This fourth blog of the series examines what emerging measures of the direct impact of the pandemic on healthcare workers can tell us about the frontline capacity of countries and how it differs for men and women.
This third blog of the series summarizes existing data on sex-disaggregated COVID-19 cases and deaths from Global Health 50/50, compares this to overall cases and deaths, and examines the shares that are sex-disaggregated by income and region.
The world’s inability to monitor and contain the spread of COVID-19 is costing trillions. With such losses, budgets are tightening. Prioritized spending is critical. Funds and hopes are now focused on the arrival of an effective vaccine. But, once again, that won’t be enough.
Accurate, timely data during the coronavirus pandemic guides decisions on limiting transmission and allocating resources. But what are the drawbacks, merits, accessibility, and biases of coronavirus datasets, models and testing? What do we know about uptake of coronavirus data? What can we learn from changing demand for data?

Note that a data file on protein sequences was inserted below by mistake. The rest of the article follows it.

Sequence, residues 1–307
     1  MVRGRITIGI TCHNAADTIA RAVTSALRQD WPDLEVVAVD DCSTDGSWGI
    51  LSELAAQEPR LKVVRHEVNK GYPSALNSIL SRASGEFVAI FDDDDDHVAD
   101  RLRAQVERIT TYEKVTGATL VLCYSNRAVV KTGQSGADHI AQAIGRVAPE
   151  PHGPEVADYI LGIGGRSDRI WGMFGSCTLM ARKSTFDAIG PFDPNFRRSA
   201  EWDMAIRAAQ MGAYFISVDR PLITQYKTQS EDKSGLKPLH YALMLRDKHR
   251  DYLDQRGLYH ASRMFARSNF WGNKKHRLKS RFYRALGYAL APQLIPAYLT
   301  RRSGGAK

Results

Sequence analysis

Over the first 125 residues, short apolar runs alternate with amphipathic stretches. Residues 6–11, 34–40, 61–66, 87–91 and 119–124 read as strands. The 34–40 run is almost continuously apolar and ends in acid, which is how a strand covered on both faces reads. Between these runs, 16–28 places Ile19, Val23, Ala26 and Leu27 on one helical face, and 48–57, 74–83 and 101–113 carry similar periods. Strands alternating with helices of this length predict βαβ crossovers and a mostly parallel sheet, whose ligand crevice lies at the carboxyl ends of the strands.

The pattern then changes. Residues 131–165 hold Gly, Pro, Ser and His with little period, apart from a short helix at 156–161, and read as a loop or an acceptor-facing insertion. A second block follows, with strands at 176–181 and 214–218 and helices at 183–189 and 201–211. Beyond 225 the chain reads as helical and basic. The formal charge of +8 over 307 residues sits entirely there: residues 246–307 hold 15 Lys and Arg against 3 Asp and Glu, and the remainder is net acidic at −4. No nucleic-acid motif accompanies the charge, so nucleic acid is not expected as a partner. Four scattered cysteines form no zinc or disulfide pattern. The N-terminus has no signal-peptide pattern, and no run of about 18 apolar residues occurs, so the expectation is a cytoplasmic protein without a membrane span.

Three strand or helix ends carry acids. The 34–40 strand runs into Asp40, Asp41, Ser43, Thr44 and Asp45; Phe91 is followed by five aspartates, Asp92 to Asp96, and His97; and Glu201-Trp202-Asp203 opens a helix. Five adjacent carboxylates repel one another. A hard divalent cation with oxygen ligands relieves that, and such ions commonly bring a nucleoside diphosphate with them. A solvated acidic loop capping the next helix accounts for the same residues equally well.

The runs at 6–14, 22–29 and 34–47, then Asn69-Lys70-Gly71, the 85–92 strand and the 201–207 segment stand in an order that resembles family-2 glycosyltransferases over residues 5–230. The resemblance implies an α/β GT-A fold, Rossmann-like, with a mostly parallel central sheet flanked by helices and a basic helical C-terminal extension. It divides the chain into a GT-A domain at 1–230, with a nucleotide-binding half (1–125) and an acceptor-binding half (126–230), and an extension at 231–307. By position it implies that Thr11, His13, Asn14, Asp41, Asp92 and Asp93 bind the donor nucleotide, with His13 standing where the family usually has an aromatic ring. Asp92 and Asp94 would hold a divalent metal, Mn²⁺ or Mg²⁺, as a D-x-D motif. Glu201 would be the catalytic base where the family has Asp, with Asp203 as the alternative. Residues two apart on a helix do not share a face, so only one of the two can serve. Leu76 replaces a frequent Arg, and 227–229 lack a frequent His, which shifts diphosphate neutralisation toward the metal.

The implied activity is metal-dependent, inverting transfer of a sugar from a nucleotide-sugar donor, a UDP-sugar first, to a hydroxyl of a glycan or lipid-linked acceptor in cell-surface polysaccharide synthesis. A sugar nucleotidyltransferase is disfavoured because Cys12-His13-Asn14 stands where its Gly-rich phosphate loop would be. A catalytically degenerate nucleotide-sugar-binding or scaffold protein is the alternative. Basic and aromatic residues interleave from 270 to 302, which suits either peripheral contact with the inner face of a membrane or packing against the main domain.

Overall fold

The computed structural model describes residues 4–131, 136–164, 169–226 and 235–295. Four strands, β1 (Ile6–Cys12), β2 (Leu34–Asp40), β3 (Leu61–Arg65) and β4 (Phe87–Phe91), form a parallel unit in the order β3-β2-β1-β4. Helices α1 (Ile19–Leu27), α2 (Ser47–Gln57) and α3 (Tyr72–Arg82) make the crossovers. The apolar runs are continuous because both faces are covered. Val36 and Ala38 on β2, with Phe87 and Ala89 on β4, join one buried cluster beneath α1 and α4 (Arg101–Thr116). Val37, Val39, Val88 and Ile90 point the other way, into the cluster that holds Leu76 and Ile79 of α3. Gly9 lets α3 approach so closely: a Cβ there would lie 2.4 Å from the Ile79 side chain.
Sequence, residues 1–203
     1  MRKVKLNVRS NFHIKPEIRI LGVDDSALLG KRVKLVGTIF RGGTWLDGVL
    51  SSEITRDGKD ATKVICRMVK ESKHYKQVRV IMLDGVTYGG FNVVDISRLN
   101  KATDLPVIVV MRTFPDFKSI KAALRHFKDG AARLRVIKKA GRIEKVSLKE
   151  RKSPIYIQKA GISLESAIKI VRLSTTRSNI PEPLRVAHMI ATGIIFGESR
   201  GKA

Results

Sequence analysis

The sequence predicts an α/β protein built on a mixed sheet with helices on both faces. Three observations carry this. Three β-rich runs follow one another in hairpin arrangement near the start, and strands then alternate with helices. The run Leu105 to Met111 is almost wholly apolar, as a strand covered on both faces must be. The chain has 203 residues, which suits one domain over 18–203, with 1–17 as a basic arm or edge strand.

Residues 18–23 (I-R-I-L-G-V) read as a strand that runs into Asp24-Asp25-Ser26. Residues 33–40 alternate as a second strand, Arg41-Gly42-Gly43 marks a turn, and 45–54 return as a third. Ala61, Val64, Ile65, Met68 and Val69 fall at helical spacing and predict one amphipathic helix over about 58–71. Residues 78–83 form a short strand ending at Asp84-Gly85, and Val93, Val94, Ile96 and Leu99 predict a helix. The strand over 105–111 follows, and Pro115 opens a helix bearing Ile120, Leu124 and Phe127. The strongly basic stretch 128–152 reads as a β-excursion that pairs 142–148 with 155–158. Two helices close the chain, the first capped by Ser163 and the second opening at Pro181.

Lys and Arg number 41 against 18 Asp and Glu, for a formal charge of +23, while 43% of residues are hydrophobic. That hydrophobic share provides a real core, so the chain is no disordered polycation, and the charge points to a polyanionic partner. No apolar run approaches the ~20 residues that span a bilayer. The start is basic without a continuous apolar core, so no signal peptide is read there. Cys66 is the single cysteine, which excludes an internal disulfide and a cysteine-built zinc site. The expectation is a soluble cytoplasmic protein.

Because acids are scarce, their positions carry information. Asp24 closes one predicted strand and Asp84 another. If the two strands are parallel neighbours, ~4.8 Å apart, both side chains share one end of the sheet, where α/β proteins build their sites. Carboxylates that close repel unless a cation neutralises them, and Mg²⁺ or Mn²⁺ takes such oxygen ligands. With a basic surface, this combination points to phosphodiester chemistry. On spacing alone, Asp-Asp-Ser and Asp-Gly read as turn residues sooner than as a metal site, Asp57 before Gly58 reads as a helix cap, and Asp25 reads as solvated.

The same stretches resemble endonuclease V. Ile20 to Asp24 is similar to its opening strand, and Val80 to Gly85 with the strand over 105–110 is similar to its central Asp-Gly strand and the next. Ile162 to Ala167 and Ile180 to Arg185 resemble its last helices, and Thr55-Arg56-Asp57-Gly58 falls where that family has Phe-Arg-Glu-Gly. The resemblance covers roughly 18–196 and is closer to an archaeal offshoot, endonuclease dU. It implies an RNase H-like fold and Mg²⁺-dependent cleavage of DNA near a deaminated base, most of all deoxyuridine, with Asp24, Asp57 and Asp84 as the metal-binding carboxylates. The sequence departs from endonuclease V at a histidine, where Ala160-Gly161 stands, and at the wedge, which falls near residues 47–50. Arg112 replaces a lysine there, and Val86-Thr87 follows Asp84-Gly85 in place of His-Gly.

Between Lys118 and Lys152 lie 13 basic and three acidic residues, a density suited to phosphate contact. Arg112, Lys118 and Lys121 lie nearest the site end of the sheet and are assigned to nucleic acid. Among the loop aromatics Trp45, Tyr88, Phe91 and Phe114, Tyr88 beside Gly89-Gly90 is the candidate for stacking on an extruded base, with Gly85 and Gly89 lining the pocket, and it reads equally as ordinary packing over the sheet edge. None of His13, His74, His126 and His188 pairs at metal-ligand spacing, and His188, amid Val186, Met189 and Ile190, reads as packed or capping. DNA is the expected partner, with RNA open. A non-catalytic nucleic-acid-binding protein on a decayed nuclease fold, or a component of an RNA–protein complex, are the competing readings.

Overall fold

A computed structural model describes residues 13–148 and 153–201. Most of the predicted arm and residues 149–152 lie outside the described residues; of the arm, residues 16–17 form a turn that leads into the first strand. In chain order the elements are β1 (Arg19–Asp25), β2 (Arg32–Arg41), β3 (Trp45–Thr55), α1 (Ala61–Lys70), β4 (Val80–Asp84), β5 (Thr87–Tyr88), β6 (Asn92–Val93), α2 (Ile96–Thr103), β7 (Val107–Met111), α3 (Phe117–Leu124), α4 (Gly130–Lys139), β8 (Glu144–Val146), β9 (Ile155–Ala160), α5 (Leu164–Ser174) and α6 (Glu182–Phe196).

This second blog in the series summarizes the existing data on sex-disaggregated COVID-19 cases and deaths from Global Health 50/50 and asks how complete our picture is when compared to all reported cases and deaths.
We know that the COVID-19 pandemic is affecting men and women differently and that gender roles shape pandemic responses. Now, thanks volunteer efforts via Global Health 50/50, new data are revealing the true impact of COVID-19 on men and women around the world.
A review of international databases finds that the coronavirus pandemic is affecting men and women very differently and may exacerbate gender inequalities without a concerted effort to fill crucial gender data gaps.
In anticipation of the research results later this year for the 2020 Open Data Inventory (ODIN), the ODIN website will get major updates based on a survey of user experiences and needs. View first round feedback and add your own.
Countries and citizens benefit greatly from opening official data for public use. But as governments collect more microdata about their citizens, how can data be released in a way that balances the right to public information with the right to privacy?
Today is Open Data Day 2020 as well as the end of the 51st session of the United Nations Statistical Commission. It offers a good occasion to reflect on the current state of open data and what’s next.